Inproceedings: an article in a conference proceedings.
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Inhibition of dendritic cell maturation and function by low molecular weight dextran sulfate : PA-3216
Title of the conference
1st Joint Meeting of European National Societies of Immunology, under the auspices of EFIS, 16th European Congress of Immunology (ECI)
Paris, France, September 6-9, 2006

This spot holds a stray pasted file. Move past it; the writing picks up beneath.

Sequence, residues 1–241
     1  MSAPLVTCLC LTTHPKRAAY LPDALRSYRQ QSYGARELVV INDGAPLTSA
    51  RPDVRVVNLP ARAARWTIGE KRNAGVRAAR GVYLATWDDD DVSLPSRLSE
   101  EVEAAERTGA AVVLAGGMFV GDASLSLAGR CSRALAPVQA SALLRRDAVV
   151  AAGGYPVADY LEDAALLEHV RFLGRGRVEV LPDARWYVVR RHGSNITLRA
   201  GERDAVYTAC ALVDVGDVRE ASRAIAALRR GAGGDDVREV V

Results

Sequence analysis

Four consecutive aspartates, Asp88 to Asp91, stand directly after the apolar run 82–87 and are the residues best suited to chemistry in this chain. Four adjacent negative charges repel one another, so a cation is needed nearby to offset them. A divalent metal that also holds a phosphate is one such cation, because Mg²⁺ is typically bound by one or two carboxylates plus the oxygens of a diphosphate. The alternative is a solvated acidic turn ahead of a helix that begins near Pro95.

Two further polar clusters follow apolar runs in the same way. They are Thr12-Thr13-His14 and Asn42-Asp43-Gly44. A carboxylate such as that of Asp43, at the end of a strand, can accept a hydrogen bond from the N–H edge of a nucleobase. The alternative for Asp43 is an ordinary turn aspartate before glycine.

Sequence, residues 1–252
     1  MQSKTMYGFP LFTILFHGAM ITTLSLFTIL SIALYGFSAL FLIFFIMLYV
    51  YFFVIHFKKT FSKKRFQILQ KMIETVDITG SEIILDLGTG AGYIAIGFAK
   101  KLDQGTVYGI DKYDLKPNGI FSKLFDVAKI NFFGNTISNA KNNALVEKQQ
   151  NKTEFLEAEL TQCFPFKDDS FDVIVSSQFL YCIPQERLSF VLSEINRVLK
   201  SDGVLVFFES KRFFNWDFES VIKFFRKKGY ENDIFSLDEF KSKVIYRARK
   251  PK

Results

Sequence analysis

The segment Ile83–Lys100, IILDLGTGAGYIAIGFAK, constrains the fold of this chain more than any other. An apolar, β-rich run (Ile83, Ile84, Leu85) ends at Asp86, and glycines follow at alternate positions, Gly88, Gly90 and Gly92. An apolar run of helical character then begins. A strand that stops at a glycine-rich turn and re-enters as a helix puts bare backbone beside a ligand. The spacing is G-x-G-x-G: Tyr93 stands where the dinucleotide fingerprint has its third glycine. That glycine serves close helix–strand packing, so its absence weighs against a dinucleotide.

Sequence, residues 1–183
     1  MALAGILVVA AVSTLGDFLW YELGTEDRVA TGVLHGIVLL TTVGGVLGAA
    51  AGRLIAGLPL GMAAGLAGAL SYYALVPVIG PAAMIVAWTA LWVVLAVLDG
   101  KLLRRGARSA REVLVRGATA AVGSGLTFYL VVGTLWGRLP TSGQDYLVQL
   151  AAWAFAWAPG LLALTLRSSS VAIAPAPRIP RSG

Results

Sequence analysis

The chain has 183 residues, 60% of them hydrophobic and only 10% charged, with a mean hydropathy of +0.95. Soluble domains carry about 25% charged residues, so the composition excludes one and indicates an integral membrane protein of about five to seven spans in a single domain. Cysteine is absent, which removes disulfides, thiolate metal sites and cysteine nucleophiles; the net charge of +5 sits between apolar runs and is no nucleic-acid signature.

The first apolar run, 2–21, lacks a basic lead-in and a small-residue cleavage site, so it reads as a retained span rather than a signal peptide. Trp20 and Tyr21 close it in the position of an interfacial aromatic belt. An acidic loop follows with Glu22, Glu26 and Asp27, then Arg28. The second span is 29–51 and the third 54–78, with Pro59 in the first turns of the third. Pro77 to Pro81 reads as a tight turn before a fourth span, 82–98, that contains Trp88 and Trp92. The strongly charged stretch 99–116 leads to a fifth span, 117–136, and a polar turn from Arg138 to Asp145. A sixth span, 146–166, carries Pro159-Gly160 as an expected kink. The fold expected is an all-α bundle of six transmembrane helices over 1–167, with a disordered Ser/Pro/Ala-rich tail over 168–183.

Background and Hypothesis: Activation of vascular endothelial cells (EC) is characterized by shedding of heparan sulfate (HS), which is an important regulator of intravascular coagulation and inflammation. Soluble HS is known to activate dendritic cells (DC) via Toll-like receptor 4 (TLR). Low molecular weight dextran sulfate (DXS, MW 5000) has been reported to inhibit the alternative, classical and lectin complement pathways as well as the coagulation cascade. Furthermore, DXS acts as an EC protectant, promoting accommodation in hamster-to-rat xenotransplantation. We therefore hypothesized that DXS might also be able to interfere with antigen presentation by blocking DC maturation, and that this effect may facilitate induction of immunological tolerance. Methods and Results: Human DC were propagated from monocytes with GM-CSF and IL-4 for 6 days. Immature DC were stimulated with different exogenous (LPS, LAM) and endogenous ligands (HS) of TLR to induce maturation. As shown by FACS analysis, addition of DXS during promoted DC maturation was able to dose-dependently prevent upregulation of molecules such as CD40, CD83, CD80/CD86 as well as ICAM-1. In the case of CD86, maturation induced by HS was totally inhibited with 5 mg/ml DXS (MFI ± SD; 61.3 ± 7.2 without DXS 8.2 ± 1.5 with DXS ; p<0.001; n=4). To exclude that the effect of HS was due to LPS contamination with LPS, Limulus anti LPS-factor was used, which had no effect. Mature DC function was examined by the ability to stimulate autologous T cells. DC-mediated T cell proliferation was significantly inhibited by DXS. In addition, DXS significantly inhibits HS induced secretion of IL-1β, IL-6 and TNF-α as assessed by multiplex suspension array in cell culture supernatant. Furthermore, DXS does not seem to influence differentiation of monocytes into immature DC as analyzed by the expression of CD14 and CD1a. Conclusions and Outlook: We have demonstrated that DXS is able to prevent phenotypic and functional maturation of human DC. Follow-up experiments will investigate if alterations of DXS treated DC are associated with a reduced translocation of NF-κB into the nucleus.
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